Kiteboarding can be "dangerous easy." Like operating a car or airplane, the mechanics of manuvering can appear to be deceptively easy. Obviously there is a lot more to know and act upon in all three activities than simple "manuvering." Many kiteboarders have been injured by underestimating the power and potential hazards of traction kites. Seeking help from others is a natural step and may work out sometimes in learning the basic mechanics of the sport but perhaps not. It is likely that a quality instructor would not have exposed a student to such conditions complete with unstable squall weather. The "student" had no appreciation perhaps for the actual hazards involved. A quality professional instructor would have had a strong grasp on the hazards and would have conducted the training accordingly. A well intentioned but not professionally trained kiteboarder acting in the capacity of an instructor may not have had the knowledge or ability to effectively explain the hazards to the student. Seek quality professional instruction.

Board leashes have a long history of kiteboarding injuries. Some riders have mistakenly concluded that if they wear a helmet they are OK using a board leash. Experience has shown that this is a mistaken belief. Static leashes are certainly hazardous however even reel leashes have had their share of penetrated and fractured skulls as well. Work on body dragging upwind early in your training. If you are in hypothermic waters or in areas with adverse currents you may have reduced options regarding leash use. Your risks of injury has gone up substantially as a result. Finally, in not using a leash you may lose a board someday. The cost of the replacement board should be less than medical expenses, lost time off work and the pain of recovery from a board impact. Be sure not to put others such as bathers at risk if you lose your board. Avoid riding in crowded areas.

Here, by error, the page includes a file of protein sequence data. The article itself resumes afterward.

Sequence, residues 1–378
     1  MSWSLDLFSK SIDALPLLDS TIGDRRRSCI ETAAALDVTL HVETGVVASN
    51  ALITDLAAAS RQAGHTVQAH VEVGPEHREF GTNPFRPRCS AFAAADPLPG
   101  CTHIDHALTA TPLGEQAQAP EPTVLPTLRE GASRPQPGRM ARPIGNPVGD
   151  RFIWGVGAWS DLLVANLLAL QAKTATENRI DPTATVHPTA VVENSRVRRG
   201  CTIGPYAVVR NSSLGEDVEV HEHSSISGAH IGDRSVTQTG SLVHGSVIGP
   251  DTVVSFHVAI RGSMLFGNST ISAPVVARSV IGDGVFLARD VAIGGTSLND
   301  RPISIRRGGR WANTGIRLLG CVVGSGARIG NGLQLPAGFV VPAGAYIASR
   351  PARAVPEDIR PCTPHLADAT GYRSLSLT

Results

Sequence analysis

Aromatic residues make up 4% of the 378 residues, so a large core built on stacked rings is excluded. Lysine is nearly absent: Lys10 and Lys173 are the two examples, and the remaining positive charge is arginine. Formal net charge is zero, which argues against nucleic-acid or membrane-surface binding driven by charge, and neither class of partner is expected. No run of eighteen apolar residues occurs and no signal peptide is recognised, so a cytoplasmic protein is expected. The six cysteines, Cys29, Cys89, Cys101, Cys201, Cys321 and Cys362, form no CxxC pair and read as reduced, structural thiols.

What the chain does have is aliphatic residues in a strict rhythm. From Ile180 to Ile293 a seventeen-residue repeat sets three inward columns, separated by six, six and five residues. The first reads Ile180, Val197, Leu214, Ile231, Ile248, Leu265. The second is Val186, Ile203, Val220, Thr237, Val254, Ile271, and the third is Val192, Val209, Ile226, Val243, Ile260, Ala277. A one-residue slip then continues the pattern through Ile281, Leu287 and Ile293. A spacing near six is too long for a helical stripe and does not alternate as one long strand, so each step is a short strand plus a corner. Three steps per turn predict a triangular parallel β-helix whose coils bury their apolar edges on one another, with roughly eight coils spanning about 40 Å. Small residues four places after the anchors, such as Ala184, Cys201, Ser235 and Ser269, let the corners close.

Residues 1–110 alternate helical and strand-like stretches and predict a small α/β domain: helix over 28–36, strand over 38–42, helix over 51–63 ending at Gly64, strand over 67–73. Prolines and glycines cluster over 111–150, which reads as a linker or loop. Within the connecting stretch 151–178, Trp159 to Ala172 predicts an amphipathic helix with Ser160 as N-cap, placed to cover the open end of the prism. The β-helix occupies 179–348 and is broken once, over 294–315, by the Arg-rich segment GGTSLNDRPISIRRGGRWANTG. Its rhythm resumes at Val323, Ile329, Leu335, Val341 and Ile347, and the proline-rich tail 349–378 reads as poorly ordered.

RickI 08-01-2005 10:56 AM

Some ideas follow regarding first response from a recently formed Medical Kiteboarding Forum:

The victim of a head impact may not realize he is in danger. Seek qualified medical attention rather than trying to "tough it out." That choice may well have cost this man his life.

If you witness a kiting accident where the kiter could have a suspected neck or spinal injury and is on land DO NOT MOVE HIM. Attempt to reassure and keep the victim motionless as well. Keep warm with a blanket and wait for a paramedic with a stretcher and proper skills to move him. If he is in the water of course he must be moved to prevent drowning but avoid excessive spinal movements to get to shore, then do as above. If it is you that is injured or the person is walking wounded and has pain in the spine or neck then seek proper medical examination in the first instance (at an ER). It would be best for any movement of the victim to be accomplished by paramedics if feasible.

The victim may have suffered an Epidural Hematoma as a result of the head impact. This can be a slow potentially lethal injury that can evade detection by not only the victim but also by bystanders. Recovery prospects are often good with early treatment however. The victim may have a "lucid interval" in which he can convince bystanders that he is alright.

As a side note, the writer had a similar experience some years back after a serious kiteboarding related head injury. He managed to convince two individuals who witnessed the 80 ft. lofting into a wooden fence that he was OK. He proceeded to stumble around for 4 to 5 hours presumably in an incoherent state pending transport to the ER and treatment. His use of a helmet was credited as saving his life by the attending neurologist.

Diagnosis of an epidural hematoma can be evasive even in a medical setting, requiring a CAT scan. Considering possible outcomes absent proper care, it is best to tactfully compel head impact victims to seek proper medical attention.

RickI 04-17-2018 09:11 PM

I was just going back through old write ups and noticed this one from over a dozen years ago. It dealt with a more subtle form of fatality, that is after the head trauma had occurred. I noticed it had over 32,000 hits, not sure why? There are good lessons in this unfortunate account but they same might be said about many of the writeup here. That is why they were written in the first place after all. Anyway, as this post seems to be of particular interest, I will bring it back to the top.